Originally Posted by Clybourne View Post
What?? Where did that quote even come from? We don't make such claims and if it's printed somewhere by us, please inform me so I can have it taken down!

We eliminate nearly all jitter using an atomic clock in our high end studio line, but even an atomic clock will lose a sample every 8 days, side by side with another atomic. In addition, then some carefully induced random jitter can enhance audio converting quality. So, by no means are we saying we eliminate jitter 100%.

Marcel James
antelopeaudio.com
Did you bother to read the quote to which I made this reply ? Jitter free means absence of jitter but your beef is with the other member's post that made this claim and not my reaction to it.

Peete.
post #41 of 512
First:
Jitter is important for digital audio but atomic clock is not less jitter! Atomic clock offers time accuracy such as nanosecond drift over a long time. This is important in many applications but useless for audio. Even a poor crystal, say 500 parts per million will alter the pitch of the music by less then 1 cent (which no human can hear).

Also, a 100ppm crystal (pretty poor) will make hour music longer or shorter by 0.36 second, and no one would care. Jitter is important, and atomic clocks do not offer particularly good jitter. They cost a lot but that does nit change the facts.

Second
32 bits? We use a lot of bits for audio work station. We need that for mixing and editing of audio tracks. But the outcome is 24 bits or less. In fact, the individual audio channels recorded by an AD NEVER have 24 bit accuracy. 20 bits is real good! The other bits may be there but they are just random noise, not at all connected to the music. Those lower bits are the noise floor.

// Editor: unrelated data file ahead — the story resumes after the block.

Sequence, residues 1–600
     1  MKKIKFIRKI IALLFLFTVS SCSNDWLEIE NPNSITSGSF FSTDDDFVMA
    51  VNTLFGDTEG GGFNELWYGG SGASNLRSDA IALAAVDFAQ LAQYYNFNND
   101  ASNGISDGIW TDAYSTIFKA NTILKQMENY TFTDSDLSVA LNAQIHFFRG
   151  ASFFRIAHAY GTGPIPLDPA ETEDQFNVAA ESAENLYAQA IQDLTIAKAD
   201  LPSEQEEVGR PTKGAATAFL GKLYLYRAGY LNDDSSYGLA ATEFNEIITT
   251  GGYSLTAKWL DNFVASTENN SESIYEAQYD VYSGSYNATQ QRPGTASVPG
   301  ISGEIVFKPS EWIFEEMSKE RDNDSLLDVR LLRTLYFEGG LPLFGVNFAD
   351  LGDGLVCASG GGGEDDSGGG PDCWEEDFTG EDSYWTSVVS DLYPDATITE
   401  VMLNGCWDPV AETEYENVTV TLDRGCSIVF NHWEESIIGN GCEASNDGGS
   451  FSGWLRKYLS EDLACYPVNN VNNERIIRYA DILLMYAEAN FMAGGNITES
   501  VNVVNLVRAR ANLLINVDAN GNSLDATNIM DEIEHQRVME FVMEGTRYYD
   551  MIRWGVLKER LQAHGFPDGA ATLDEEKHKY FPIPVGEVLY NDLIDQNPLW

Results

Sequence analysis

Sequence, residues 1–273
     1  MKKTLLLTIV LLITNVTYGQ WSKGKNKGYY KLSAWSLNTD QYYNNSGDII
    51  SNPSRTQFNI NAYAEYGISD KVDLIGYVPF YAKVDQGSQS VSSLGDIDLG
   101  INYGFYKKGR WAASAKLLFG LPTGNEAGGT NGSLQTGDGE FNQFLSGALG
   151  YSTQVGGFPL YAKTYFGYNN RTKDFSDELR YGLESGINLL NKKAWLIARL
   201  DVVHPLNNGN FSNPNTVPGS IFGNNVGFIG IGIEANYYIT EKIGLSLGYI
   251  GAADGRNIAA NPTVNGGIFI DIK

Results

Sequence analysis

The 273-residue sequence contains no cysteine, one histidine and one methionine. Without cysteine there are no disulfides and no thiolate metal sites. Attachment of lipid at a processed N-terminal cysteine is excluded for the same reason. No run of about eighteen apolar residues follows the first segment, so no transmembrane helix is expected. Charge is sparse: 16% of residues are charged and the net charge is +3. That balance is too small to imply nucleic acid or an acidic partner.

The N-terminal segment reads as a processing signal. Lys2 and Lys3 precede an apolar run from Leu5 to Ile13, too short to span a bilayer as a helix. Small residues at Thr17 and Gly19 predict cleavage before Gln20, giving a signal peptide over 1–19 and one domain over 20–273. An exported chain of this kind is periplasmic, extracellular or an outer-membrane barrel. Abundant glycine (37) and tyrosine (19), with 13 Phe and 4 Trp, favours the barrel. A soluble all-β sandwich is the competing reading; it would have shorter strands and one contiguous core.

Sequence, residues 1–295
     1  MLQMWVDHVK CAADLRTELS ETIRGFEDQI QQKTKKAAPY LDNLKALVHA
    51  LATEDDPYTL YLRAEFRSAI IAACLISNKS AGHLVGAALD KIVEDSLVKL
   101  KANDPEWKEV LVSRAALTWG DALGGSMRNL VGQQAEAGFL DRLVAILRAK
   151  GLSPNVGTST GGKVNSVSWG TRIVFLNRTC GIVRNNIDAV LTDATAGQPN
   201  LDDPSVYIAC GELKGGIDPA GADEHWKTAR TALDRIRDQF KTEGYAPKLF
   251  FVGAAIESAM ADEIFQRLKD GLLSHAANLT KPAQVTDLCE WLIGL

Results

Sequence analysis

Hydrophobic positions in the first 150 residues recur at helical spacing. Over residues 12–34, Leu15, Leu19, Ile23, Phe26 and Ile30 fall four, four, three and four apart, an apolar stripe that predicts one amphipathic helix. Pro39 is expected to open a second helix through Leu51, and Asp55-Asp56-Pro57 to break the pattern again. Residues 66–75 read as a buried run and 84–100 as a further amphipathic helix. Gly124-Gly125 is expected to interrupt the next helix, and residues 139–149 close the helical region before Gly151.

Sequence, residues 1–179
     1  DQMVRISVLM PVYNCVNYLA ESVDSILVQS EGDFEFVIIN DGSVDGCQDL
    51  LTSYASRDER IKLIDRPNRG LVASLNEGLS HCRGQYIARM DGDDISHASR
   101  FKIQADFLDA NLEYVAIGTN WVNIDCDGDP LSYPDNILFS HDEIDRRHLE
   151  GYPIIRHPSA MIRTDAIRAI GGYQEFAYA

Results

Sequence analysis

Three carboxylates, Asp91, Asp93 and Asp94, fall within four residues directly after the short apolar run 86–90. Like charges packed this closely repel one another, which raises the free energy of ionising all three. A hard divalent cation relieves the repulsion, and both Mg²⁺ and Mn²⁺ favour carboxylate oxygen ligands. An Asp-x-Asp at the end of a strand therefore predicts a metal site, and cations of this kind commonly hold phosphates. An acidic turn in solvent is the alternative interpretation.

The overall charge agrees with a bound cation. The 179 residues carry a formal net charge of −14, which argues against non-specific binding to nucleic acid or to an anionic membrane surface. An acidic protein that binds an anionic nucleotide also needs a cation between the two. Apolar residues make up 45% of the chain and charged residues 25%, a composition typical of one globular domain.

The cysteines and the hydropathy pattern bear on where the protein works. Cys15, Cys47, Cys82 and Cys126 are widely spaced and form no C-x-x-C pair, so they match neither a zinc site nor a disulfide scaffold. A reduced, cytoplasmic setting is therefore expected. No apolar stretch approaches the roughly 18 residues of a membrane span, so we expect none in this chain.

We are restricted to such noise levels because of analog noise in components but with careful design, we keep that noise low, as low as say 21 bits.

This is not bad! Why? Because the EAR can only hear a certain dynamic range (from the loudest to the lowest levels. Each bit is around 6dB so at 20 bits we have 120dB dynamic range. That is huge. A CD has only 16 bits thus 96dB and that is already pretty quiet.

If you stand next to a 747 engine (running), and call it the loudest you want to hear, then go to a sound isolation room and call it the lowest sound level, you have less then 126dB which is 21 bits. So who needs 32 bits? When it comes to digital audio workstation, you need that and more. For listening, no one needs even 24 bits.

Third
384KHz, as well as 192KHz is marketing driven, and it is NOT GOOD for best sound. Too slow is not good, and too fast is not good either. There is an optimal sample rate, and it is somewhere in the 60-70KHz. Of course there is no such standard so 48 or 88.2KHz is reasonable, and even 96KHz is just a bit too fast. I explained all that in great detail in my paper "Sampling Theory". The paper is too technical for some folks, I tried to keep is comprehensible...

Regards
Dan Lavry
Lavry Engineering
post #42 of 512
does anybody really want to argue with Dan Lavry?
post #43 of 512
This DAC has some nice looks though. If the looks can kill....
post #44 of 512
and it very well be the greatest sounding DAC ever created. nobody is saying it isn't.
post #45 of 512
Quote:
Originally Posted by Clybourne View Post
What?? Where did that quote even come from? We don't make such claims and if it's printed somewhere by us, please inform me so I can have it taken down!

We eliminate nearly all jitter using an atomic clock in our high end studio line, but even an atomic clock will lose a sample every 8 days, side by side with another atomic. In addition, then some carefully induced random jitter can enhance audio converting quality. So, by no means are we saying we eliminate jitter 100%.

Marcel James
antelopeaudio.com
under the "Connect" part to the right, referring to the "Aligned Clock Input"